can be said for the player.
As solid as the shooting elements are, the game still does little to
distinguish itself from other titles in the same genre. In an attempt to
spice things up further, there is now a co-op element where two players
can play the entire campaign as both Point Man and Paxton, utilizing
each of their respective abilities to subdue enemies in grisly fashion.
Using Fettel is a more unique experience with his abilities to possess
the bodies of nearby soldiers, or psychically suspend them in the air
for Point Man to dispatch. Also adding to the experience is a Ranking
system, where completing certain challenges in each level (such as the
number of kills obtained during slow-mo, staying in cover for X amount
of seconds, killing Y enemies with a certain weapon) offer players with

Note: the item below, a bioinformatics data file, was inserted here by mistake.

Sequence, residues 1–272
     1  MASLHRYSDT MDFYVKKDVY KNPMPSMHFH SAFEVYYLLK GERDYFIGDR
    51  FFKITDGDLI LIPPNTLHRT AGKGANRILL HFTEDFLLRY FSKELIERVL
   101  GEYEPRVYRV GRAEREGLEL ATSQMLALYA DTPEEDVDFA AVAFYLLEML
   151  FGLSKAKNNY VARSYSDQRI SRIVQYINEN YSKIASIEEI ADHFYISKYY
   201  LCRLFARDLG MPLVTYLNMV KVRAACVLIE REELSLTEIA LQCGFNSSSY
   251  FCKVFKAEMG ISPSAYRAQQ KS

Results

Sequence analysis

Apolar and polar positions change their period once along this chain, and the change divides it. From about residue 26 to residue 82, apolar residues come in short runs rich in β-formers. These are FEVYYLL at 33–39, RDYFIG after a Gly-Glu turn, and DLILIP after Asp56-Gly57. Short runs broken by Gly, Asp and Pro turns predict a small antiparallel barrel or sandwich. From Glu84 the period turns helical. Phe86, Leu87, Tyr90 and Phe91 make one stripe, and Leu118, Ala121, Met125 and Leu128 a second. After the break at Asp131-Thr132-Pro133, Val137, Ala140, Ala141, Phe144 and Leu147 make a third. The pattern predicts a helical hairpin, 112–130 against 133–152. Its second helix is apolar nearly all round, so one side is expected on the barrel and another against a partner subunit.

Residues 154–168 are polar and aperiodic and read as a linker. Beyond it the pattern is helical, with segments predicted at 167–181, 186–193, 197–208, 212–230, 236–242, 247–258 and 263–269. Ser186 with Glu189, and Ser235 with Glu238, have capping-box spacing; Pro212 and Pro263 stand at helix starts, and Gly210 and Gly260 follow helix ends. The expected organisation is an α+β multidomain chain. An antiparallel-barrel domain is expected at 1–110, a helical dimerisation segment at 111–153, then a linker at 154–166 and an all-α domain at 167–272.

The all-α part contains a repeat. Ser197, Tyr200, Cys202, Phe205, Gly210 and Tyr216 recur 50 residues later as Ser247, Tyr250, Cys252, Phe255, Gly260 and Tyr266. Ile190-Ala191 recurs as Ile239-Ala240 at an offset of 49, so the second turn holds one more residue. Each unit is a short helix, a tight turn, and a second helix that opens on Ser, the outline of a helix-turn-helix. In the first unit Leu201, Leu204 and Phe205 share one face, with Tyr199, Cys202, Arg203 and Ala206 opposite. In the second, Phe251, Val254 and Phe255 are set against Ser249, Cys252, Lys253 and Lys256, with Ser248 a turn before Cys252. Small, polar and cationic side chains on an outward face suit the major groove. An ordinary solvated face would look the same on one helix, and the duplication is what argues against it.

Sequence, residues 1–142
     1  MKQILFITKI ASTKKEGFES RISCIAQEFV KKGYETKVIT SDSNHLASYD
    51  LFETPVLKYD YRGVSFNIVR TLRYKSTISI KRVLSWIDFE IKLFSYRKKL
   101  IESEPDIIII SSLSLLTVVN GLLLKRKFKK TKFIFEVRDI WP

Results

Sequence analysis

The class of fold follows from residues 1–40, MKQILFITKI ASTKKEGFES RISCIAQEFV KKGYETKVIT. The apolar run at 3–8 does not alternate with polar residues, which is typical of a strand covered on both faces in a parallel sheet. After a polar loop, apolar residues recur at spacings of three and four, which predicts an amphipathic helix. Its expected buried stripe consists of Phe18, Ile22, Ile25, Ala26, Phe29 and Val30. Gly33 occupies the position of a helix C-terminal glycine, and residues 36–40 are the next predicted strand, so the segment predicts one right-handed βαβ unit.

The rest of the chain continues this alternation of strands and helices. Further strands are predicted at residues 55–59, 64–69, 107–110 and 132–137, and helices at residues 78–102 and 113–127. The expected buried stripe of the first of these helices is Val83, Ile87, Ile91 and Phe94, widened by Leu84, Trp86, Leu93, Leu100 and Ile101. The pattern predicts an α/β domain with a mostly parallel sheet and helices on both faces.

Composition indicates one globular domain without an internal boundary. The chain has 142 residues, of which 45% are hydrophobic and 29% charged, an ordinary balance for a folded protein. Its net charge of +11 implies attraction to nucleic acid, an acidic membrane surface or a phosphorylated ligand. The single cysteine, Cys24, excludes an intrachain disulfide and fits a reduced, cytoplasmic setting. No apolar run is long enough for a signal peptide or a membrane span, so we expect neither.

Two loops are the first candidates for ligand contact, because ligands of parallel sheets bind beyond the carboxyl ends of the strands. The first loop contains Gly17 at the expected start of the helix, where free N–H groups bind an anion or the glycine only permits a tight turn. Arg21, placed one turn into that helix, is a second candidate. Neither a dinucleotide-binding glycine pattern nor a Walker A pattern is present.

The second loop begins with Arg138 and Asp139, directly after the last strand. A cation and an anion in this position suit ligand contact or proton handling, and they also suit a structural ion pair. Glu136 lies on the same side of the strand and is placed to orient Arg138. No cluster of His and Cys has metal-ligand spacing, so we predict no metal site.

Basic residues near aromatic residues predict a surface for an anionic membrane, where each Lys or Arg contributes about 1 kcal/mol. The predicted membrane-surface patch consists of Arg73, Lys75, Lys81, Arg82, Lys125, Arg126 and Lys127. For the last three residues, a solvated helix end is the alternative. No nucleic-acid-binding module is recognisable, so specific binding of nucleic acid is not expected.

experience points, eventually causing a Rank Up that offers bonuses such
as faster health regeneration and extra slow-mo time. Points can also be
shared evenly between players or hoarded individually, which will no
doubt result in many heated arguments both offline and on. It’s a solid
experience that is unfortunately hampered by several technical issues
and otherwise poor decisions, including the inability to instantly drop
in and out while in a game.
Heaven help the FPS that doesn’t include some sort of multiplayer
experience, so it’s fortunate that F.E.A.R. 3 includes four of them.
While the main campaign borrows heavily from other games in the genre,
the multiplayer modes surprisingly do not. Rather than tack on a Team
Deathmatch or Capture the Flag variant, Monolith instead has included